Heart Conditions

Heart Conditions

“I care not for a man’s religion whose dog and cat are not better for it.”

–Abraham Lincoln

While I love reading historical biographies of remarkable people, I’m particularly fascinated to learn about things that shaped their childhoods. What’s the real story behind the familiar one? What early events, influences, relationships and turning points affected them in their youth? What were those famous people like behind the scenes when their lives seemed more ordinary? Or like Abraham Lincoln essentially asked: How did they treat the dog and the cat?

The best stories, I’ve found, were in the kids’ section of our local library. Biographers often focused on childhood tales because of their intended audience. I will never forget one story about Abraham Lincoln. With all that has been written about that great man, this account is relatively unknown. Here it is, as I remember…

It happened one summer afternoon. Young Abe and his sister, Sally, set out to play in the woods behind their rustic cabin. They headed toward a certain stream. After walking a good distance, it felt good to cool their weary feet in the flowing water. Abe suddenly noticed a good-sized fish lingering in a deeper pool. He didn’t bring a pole, but made up his mind then and there to catch that fish with his bare hands. Positioning himself, he waited patiently for the right moment.

His sister watched for a spell. Soon it became clear her brother’s conquest might take a while. She went off to play, using acorn caps and leaves to set up an elaborate tea party. After a bit, she ventured back to the stream. Abe stood in the creek with his hands poised and his body perfectly still. She sighed. Waiting had become tedious. Her brother was determined.

So she found a tree to climb and sang a few songs. Another hour passed. But Abe remained in place, hovering over that wily fish. Tired of watching, she climbed down and took a nap in the shade.

Boy holds big pike he just caughtThe afternoon wore on and was nearly over when, all at once, Sally heard whoops and hollers. She woke up in a start. Abe’s face beamed as he presented his dripping, wriggling prize. He couldn’t wait to show his father, though they faced a long walk home. Sally was two years older, but had to take extra steps to keep up with her triumphant brother.

Along the way, they happened upon a wounded soldier who’d fallen behind his company. The man appeared to be in rough shape and needed water. He hadn’t eaten for days. Abe listened to the man and studied his condition. Then he made a difficult decision—he offered the soldier his fish.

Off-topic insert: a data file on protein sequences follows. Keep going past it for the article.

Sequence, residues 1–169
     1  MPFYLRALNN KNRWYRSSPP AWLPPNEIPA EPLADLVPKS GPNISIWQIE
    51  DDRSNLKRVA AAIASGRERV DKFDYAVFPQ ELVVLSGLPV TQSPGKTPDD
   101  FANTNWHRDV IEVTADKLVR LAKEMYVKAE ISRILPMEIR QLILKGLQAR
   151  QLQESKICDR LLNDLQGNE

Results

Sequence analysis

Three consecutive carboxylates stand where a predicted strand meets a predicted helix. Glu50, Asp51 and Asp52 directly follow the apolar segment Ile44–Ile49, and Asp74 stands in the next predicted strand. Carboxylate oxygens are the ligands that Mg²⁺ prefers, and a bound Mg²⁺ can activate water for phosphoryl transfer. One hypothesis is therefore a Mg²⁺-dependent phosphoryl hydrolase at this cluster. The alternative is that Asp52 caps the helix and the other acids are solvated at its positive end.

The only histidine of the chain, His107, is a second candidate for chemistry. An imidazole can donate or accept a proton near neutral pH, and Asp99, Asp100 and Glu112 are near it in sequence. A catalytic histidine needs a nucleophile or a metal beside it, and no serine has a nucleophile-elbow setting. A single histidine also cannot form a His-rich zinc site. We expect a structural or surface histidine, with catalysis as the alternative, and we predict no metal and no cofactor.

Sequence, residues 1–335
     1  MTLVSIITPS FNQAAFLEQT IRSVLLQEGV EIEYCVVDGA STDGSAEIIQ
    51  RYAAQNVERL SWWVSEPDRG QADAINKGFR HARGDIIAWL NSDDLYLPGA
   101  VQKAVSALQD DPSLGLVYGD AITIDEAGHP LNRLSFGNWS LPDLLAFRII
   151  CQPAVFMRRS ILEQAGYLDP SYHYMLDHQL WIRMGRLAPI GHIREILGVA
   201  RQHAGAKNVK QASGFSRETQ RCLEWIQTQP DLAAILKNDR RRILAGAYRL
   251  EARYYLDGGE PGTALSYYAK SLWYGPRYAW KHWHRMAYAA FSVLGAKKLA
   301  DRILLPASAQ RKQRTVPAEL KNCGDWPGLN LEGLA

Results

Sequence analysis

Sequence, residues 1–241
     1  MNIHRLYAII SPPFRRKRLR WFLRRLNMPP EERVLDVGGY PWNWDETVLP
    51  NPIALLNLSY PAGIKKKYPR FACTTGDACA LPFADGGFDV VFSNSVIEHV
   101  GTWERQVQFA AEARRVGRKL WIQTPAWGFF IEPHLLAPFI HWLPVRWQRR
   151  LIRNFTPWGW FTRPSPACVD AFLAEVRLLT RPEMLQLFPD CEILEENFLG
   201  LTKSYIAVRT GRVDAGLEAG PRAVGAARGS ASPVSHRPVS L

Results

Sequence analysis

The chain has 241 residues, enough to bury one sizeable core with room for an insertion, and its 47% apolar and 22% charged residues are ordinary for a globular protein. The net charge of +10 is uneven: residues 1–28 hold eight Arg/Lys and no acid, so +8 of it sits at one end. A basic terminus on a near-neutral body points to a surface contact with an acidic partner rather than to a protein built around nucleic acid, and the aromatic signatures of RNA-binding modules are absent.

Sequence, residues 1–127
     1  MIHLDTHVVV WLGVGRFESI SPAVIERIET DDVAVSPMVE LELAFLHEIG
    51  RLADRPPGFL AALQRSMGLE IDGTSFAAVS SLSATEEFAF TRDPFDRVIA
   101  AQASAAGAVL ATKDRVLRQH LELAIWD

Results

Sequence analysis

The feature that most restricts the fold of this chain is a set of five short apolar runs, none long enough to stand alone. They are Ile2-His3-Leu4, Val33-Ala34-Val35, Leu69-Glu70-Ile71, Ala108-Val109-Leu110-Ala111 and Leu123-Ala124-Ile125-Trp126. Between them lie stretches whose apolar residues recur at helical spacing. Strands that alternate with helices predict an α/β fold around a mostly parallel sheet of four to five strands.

I can remember the emotions that filled my chest, reading that story to my young girls. Giving away his treasured catch was incredibly magnanimous. But something far greater than fishing prowess formed in young Abe Lincoln that day. He made a character choice, which produced something of great substance.

Difficult circumstances often develop character, but it’s not just hardship. It’s the decisions made in those times. Moments of choice, both public and private, determine what a person really becomes inside.

Something in that young boy recognized the greater need. And whether that soldier lived to rejoin his group or died before nightfall from his injuries, it didn’t affect Abe’s decision to help him.

Abraham Lincoln close up from 5 dollar billI believe Lincoln made many tough choices like that over the course of his life, most of which we’ll never know. Line upon line, precept upon precept, moment by moment, his character grew. And that kind of development prepared him for the Presidency more than any law degree or legislation experience in Congress. God saw the strength of his character and placed him in the seat of power. Lincoln in turn made assessments, pronouncements and resolutions that would profoundly shape a struggling nation in its darkest moments.

Lincoln’s quote about religion stated above gets right to the point. What we do privately says more about who we really are inside. We face countless obscure moments day in and day out that offer choices—some which are very important in God’s eyes. Character formation happens for better or worse, whether we like it or not.

My point here is this: experiencing and knowing God is tied to character in a big way. While God embraces us as a work-in-progress, our character choices can attract or grieve the Holy Spirit.

My friend Kelley said you can tell a lot about a person’s character on the golf course. You can discern some things by what people laugh at, or how they treat animals. A person’s checkbook can also tell a story. But what’s most revealing about character is what a person does when no one’s looking. No one, that is, except for God.

“For the eyes of the Lord move to and fro throughout the earth that He may strongly support those whose heart is completely His.” (2 Chronicles 16:9)


  1. Wonderful.

  2. So true and such a great story. Thanks Susan!

  3. Kathy Myers :

    Thanks, Susan. Beautifully written and a wonderful reminder.

  4. abe is the bomb! i always DID like that man. and now with his perceptiveness about dogs and cats…well…what more is there to say? thank you for enlightening me in regard to that quote.
    suzee B